The battery itself was actually redesigned for the 4.0 and has a nicer, smoother removal mechanism to lock and unlock the battery from the frame as well as improved waterproofing. There’s also a new, smaller charger to go with it. I love these compact chargers because they are easy to toss in a bag without giving up half of your storage space. And for a small battery like this, a charger that you can take on the go is a great feature for occasional top-ups at your destination. Even better: buy a second charger to keep at the office and you’ll never have to worry about carrying a charger with you for longer rides or on mornings where you forgot to top up the battery.

Another upgrade to the V4.0 can be found in the tires. They are premium CST with a deeper tread and are now puncture resistant. That’s an important detail that often gets overlooked, especially on these budget e-bikes. You never know about the flat tire that you didn’t get because your tires held up, but just remember how much it sucked fixing your last tube that popped on the side of the road. You can avoid that with some decent tires.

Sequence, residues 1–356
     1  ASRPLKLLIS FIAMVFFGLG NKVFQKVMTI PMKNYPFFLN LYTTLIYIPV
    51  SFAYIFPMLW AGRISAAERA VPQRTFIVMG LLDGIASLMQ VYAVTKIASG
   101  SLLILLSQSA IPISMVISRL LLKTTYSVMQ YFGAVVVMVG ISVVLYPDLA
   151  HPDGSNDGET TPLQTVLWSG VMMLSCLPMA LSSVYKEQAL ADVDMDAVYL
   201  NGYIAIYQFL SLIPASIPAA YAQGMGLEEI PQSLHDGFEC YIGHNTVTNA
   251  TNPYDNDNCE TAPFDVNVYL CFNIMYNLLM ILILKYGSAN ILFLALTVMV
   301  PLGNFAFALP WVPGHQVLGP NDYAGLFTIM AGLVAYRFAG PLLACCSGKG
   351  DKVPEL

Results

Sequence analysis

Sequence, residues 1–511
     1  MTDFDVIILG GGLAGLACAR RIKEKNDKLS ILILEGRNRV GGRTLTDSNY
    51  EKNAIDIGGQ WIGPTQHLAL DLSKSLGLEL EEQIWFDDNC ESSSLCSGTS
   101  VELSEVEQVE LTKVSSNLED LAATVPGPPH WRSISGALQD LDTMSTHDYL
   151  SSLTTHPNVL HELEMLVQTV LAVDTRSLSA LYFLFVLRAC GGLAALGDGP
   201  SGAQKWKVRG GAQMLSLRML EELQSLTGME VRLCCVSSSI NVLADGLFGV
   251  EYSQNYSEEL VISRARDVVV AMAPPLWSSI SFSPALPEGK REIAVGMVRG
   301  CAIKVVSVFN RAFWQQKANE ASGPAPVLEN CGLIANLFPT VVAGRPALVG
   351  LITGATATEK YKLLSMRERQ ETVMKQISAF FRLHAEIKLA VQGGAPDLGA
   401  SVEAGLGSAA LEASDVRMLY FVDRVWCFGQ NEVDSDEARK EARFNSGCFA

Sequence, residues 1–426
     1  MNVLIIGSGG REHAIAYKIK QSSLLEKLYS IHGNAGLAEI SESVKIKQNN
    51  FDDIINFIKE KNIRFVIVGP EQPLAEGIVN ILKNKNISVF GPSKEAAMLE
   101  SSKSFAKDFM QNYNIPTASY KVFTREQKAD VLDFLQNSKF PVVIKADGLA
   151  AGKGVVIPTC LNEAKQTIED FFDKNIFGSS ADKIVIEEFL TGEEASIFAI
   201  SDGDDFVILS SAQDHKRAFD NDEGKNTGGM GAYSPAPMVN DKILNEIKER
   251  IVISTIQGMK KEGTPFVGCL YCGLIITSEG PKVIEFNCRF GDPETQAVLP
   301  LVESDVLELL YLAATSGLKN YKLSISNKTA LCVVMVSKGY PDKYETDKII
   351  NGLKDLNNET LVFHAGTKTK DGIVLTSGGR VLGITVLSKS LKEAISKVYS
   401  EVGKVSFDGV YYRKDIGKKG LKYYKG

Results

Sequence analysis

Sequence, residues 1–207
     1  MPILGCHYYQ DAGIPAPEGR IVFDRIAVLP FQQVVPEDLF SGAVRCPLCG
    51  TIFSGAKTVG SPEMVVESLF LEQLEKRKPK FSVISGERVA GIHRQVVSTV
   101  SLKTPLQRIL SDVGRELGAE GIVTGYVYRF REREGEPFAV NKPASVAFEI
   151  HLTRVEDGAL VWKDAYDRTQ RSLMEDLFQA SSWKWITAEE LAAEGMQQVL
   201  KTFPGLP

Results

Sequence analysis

The saddle on the Propella V4.0 was also upgraded. I’m not a huge fan of tiny saddles, but this one seems to split the difference between comfort and staying out of the way of your pedaling. With these pedal assist-only Class 1 e-bikes, a proper saddle that allows for good pedaling form is important. It’s great to see the Propella V4.0 get a more comfortable seat.

I know that I sometimes complain about e-bikes that don’t come with racks or fenders. And it’s true that Propella charges you extra for those accessories. But I also understand that some people simply won’t need those components and so the option of adding them means that everyone gets a lower starting price.

I do wish that the bike would include lights though. I see commuter e-bikes as personal vehicles – not in the motor vehicle sense (back off, DMV!) but in their extreme utility as full transportation alternatives. Built-in lights on my street-oriented e-bikes just seem like a minimum requirement to me. It’s one thing to leave them off of mountain bikes, but I think street bikes should include them as standard equipment since they are safety features.

Other than that, I can’t really complain about anything else here. It’s a solid e-bike that feels sturdy while remaining lightweight, and all the design choices feel appropriate for the price class.

The Propella V4.0 seems like the perfect city e-bike for a daily commuter. If you need suspension or mountain bike tires, then this isn’t the e-bike for you. But for anyone that feels comfortable on a hipster bike, the Propella V4.0 will immediately feel at home under you.

When all you want is a lightweight, simple, and affordable option to get to school or work, Propella delivers with a well-made solution.